Bond ratings all over Europe are being slashed or are being threatened with being slashed.  For example, Moody’s Investors Service recently cut Ireland’s bond rating by five levels.  Now there is talk that Spain, Belgium and even France could soon all have their debt significantly downgraded as well. But if the borrowing costs for these troubled nations keep going up, that is just going to add to their financial problems and swell their budget deficits.  In turn, larger budget deficits will cause investors to lose even more confidence.

So how far are we away from a major crisis point? Professor Willem Buiter, the chief economist at Citibank, is warning that quite a few EU nations could financially collapse in the next few months if they are not quickly bailed out….

“The market is not going to wait until March for the EU authorities to get their act together. We could have several sovereign states and banks going under. They are being far too casual.”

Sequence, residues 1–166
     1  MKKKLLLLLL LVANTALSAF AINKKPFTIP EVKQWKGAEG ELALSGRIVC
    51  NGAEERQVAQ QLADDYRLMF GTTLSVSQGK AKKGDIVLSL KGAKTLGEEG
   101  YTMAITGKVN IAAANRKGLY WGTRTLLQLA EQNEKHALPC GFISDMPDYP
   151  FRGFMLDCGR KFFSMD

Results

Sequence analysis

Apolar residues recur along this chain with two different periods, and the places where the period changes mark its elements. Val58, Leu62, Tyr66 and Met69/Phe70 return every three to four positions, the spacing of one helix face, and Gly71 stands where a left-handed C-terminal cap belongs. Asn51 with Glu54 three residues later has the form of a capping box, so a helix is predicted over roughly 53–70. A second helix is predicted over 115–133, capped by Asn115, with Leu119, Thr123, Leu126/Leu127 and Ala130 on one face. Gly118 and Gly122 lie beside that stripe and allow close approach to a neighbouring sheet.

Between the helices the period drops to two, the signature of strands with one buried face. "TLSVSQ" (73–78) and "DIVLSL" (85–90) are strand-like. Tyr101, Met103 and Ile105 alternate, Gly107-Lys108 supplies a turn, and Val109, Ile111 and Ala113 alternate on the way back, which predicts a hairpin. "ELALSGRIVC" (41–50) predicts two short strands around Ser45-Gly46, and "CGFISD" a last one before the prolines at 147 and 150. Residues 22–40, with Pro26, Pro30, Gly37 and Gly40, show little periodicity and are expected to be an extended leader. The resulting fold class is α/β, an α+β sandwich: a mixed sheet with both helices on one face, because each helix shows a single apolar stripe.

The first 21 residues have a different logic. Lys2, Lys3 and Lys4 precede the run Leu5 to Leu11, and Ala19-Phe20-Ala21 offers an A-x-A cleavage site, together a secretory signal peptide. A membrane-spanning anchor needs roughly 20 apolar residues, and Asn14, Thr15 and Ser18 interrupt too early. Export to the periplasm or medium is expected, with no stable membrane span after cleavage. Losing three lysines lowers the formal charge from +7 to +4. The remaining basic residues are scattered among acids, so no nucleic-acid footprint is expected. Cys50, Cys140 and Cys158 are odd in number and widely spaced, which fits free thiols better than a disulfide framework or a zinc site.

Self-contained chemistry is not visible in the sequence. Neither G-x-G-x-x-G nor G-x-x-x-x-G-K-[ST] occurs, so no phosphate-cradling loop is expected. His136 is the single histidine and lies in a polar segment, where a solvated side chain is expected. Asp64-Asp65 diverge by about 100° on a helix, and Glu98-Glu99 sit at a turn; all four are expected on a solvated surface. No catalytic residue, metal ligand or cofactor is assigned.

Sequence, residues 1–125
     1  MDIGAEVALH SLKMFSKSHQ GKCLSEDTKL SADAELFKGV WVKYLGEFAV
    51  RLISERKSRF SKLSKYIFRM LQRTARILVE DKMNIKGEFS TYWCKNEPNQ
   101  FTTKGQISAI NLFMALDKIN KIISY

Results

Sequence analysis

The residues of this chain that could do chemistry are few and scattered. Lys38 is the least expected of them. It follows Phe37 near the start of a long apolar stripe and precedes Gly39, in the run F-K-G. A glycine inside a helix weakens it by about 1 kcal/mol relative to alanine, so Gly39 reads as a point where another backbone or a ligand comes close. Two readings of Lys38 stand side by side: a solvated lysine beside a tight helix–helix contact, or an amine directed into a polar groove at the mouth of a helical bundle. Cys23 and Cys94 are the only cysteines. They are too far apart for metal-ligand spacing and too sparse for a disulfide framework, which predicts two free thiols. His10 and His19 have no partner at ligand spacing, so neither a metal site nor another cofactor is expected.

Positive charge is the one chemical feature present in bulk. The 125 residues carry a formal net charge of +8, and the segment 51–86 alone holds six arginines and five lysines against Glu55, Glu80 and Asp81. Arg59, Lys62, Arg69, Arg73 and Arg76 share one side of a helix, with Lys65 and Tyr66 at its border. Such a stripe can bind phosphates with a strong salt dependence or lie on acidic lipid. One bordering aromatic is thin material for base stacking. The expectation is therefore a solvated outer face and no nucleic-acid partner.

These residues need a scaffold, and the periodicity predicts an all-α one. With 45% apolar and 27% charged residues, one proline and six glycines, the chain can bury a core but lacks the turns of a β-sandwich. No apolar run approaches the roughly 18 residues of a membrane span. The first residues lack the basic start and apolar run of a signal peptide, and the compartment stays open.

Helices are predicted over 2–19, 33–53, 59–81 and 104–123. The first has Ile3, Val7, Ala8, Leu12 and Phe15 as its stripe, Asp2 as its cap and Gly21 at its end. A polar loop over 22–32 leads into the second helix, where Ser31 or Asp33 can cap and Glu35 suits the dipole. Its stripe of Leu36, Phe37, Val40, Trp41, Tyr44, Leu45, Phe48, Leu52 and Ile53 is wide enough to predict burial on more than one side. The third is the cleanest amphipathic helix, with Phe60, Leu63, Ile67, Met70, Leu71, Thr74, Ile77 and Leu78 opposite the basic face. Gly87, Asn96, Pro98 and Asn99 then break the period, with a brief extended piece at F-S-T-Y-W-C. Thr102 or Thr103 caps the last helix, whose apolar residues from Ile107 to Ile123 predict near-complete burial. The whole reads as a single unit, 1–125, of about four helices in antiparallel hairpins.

Many analysts are even calling for some of these troubled nations to stop using the euro for a while so that they can recover.  In fact, Andrew Bosomworth, the head of portfolio management for Pimco in Europe says that Greece, Ireland and Portugal must all quit the euro at least for a little while if they expect to survive….

“Greece, Ireland and Portugal cannot get back on their feet without either their own currency or large transfer payments.”

Sadly, most Americans don’t realize just how bad the situation in Europe is becoming.  This is truly a historic crisis that is unfolding, just as we predicted it would and just in the manner we predicted it would.